The upcoming iPhone 15 Pro and Pro Max could experience a color shift on its titanium frame, but it's reversible according to Apple. According to an updated support document, the color change is temporary and it is visible on the titanium frame of the flagship devices.
Apple explains that "the oil from your skin might temporarily alter the color of the outside band. Wiping your iPhone with a soft, slightly damp, lint-free cloth will restore the original look." The iPhone-maker recommends cleaning your iPhone using a lint-free cloth, or if you have pockets deep enough to buy its Polishing Cloth.
The official acknowledgment comes after images of iPhone 15 Pro devices with visible color shifts and fingerprints on the titanium frame surfaced online. It remains to be seen how the discoloration issue affects iPhone 15 Pro users in the long run.
The finger prints look shockingly bad 🤯 Blue Titanium and Natural Titanium pic.twitter.com/c8laYUPuYf— Andrew Clare (@andrewjclare) September 15, 2023
Apple has confirmed that fingerprints on the titanium frame of the iPhone 15 Pro and iPhone 15 Pro Max may temporarily change its color, but it can be easily restored by wiping it with a cloth. pic.twitter.com/UzBm9TItF9— Alex (@Jfreeg_) September 21, 2023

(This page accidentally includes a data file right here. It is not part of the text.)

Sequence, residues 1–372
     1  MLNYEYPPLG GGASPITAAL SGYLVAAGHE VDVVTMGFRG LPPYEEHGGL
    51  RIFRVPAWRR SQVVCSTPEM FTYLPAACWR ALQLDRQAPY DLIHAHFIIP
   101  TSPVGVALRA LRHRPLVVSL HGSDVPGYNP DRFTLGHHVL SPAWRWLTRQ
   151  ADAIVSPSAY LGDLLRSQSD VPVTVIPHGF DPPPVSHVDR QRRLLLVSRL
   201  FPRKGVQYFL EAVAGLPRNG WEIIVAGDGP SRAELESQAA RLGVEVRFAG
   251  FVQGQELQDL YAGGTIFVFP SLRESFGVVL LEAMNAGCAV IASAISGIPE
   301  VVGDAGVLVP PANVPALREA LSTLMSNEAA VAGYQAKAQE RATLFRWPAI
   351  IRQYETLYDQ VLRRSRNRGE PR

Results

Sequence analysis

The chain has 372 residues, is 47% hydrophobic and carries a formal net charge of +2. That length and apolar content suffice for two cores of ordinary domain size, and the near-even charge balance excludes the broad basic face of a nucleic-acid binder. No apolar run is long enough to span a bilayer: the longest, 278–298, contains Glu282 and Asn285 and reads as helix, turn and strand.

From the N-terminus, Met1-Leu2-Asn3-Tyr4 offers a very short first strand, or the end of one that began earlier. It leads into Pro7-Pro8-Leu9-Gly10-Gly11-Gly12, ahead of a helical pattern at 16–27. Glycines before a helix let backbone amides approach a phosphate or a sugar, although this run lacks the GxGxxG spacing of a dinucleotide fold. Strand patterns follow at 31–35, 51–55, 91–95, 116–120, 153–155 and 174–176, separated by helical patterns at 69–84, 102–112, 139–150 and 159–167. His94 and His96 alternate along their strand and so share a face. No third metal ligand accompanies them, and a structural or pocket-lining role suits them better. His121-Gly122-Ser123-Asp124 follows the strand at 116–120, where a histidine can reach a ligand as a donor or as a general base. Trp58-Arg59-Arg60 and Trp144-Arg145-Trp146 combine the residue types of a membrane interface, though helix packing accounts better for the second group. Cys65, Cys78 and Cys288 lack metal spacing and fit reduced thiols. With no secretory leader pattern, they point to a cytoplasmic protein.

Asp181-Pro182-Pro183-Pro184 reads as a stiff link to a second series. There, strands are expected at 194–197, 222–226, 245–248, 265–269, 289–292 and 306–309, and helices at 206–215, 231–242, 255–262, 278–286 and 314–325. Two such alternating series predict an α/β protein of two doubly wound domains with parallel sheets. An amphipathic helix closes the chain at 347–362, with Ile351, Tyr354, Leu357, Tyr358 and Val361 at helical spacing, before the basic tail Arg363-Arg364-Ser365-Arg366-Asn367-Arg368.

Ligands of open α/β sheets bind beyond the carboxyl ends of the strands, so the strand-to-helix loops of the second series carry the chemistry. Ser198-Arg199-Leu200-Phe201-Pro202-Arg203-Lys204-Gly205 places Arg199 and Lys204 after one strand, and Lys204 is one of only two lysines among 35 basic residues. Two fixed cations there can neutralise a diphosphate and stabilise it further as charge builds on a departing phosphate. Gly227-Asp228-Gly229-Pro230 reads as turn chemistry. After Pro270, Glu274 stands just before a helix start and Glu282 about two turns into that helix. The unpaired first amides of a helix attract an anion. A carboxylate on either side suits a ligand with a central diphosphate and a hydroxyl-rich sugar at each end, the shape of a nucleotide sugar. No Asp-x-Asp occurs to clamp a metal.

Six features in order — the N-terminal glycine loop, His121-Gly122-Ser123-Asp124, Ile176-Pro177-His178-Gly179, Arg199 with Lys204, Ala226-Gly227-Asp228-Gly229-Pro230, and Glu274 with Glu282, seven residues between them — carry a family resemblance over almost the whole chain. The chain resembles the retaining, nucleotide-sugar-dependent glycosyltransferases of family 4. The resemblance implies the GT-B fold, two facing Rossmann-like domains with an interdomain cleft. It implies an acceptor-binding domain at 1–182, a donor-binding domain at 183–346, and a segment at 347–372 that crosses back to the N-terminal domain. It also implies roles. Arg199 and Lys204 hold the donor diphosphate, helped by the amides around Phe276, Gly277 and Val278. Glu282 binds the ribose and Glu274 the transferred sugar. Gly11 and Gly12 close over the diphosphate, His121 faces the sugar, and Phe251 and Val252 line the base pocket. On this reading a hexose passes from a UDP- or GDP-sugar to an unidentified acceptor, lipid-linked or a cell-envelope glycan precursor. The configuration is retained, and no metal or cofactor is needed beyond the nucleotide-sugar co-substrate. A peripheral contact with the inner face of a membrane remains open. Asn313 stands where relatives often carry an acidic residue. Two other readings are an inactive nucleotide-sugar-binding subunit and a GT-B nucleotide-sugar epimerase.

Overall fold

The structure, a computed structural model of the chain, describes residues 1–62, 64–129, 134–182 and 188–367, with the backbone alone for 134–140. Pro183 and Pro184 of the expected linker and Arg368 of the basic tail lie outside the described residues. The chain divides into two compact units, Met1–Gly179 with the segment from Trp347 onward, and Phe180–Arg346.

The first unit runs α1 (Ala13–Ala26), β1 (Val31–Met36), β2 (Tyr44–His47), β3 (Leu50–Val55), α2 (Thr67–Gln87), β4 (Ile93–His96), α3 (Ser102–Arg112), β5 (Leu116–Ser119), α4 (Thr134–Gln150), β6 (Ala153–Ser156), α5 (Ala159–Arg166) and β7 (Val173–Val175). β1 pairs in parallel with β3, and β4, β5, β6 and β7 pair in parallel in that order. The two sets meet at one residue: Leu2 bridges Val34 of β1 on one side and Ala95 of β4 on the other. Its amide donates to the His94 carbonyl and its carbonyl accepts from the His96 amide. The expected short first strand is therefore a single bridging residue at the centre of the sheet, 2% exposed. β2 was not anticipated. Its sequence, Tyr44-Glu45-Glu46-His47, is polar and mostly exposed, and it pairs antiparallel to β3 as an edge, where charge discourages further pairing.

The company unveiled the iPhone 15 Pro and 15 Pro Max at its Wanderlust event earlier this month, alongside the Apple Watch Ultra 2 and Apple Watch Series 9. Both devices use spacecraft-grade titanium alloy that is lightweight and "has one of the highest strength-to-weight ratios of any metal," Apple claims.
Due to this, the 2023 flagship iPhones weigh less than their predecessors, iPhone 14 Pro and Pro Max. In recent news, Apple started the rollout of its latest software, including iOS 17, iPadOS 17, and watchOS 10. However, there are some iOS 17 features that will be shipped as part of upcoming updates later this year.
One of the major changes to this year's iPhones is the arrival of the USB-C port, although, Apple has given different USB-C treatment to its Pro and non-Pro devices. It is yet to add support for the RCS protocol and Google is leaving no stone unturned to mock the Cupertino-headquartered company.